Browsing: Chemistry

Legwarmers, preppies, yuppies, Molly Ringwald, nuclear paranoia … the 1980s were my favorite decade. I was in junior high school in New Jersey when I saw The Day After, a 1983 TV movie that depicted a nuclear war between the United States and the Soviet Union. The focus of the movie, however, was not on the war but rather on the impact that the nuclear exchange had on everyday people. I remember watching the movie with my parents, being very scared, and thinking “Could this really happen?” Little did I know that 33 years later a series of interconnected events would have me answering related questions in nuclear forensics. In high school, I became interested in political science and international…

I love sea turtles. I love looking into their giant, ancient, gentle eyes and watching them use their long flippers, so graceful in the water, to lumber awkwardly, but persistently, up the moonlit beach to lay their ping pong ball-sized eggs in the sand. I love seeing the tiny hatchlings, so small they can fit in the palm of your hand, frantically climb up and out of their nests and down the beach to start their long, mysterious lives beneath the waves until they, like their mothers and countless generations before them, are called to lumber up the beach to lay their eggs and begin the cycle anew. Growing up in landlocked Indiana, I experienced these magical moments only through…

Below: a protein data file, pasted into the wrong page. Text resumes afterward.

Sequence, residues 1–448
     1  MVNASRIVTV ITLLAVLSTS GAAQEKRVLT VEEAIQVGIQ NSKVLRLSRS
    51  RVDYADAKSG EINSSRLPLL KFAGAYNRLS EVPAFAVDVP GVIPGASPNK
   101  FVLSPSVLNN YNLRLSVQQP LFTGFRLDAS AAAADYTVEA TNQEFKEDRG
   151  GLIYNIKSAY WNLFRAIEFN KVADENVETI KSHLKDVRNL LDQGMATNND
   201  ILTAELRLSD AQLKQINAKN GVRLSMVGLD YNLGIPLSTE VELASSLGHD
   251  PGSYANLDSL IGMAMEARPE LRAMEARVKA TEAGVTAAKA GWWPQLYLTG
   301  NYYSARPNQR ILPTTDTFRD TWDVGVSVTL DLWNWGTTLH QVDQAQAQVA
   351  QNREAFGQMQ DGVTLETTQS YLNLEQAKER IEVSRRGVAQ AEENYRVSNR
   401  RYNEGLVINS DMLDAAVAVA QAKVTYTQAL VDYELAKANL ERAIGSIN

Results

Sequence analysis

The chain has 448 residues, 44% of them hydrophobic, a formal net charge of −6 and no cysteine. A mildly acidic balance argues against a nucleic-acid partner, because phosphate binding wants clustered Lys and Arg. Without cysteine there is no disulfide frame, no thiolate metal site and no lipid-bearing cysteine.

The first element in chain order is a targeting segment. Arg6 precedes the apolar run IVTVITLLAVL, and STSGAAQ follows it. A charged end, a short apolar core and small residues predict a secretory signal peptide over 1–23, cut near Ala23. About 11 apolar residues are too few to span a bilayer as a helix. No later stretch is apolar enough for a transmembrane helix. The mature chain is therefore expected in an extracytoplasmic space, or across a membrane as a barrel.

Put your hands together. Now move them back and forth to rub them against each other. Feel that heat? That’s from friction. No matter if it’s between siblings or the gears of an engine, we usually think of friction as a bad thing, and often it is. Whether we’re talking about relationships or engines, friction can cause things to heat up, wear down, and eventually break apart. To fight friction, we apply lubricants like oil (though I wouldn’t advise doing so to your siblings, it will probably just make things worse). Lubricants coat interacting surfaces and make it easier for them to slip past each other. There’s a whole scientific and engineering discipline dedicated to the materials science, chemistry, physics…

This article was written in response to the March 14, 2016, death of John Cahn, one of the world’s foremost materials scientists, who worked at NIST from 1977 to 2006. Cahn received the National Medal of Science in 1998 and the Kyoto Prize in Advanced Technology in 2011. I first met John Cahn in the late 1960s when he visited our department of metallurgy at the Technion — Israel Institute of Technology. Already a famous thermodynamics-of-materials scholar, John was our most important visiting scientist at the time. During that period I was studying for my master’s and then Ph.D. degrees, and John and I were talking science. John was interested in my work and in particular in the microstructure of…

Have you ever wondered what might happen if we run out of fossil fuels? How do you think we will be able to survive without the resources we need to heat and cool our homes and buildings or the raw materials we use to create all the plastics that make up our modern world? Indeed, if we continue to use up these energy sources up at alarming rates, I think the consequences will be devastating to humanity’s future. As a 17-year-old with a brand new driver’s license back in 1973 during the OPEC Middle East oil embargo, I found myself pondering these serious questions as I sat in line for hours waiting my turn with the family cars to “fill…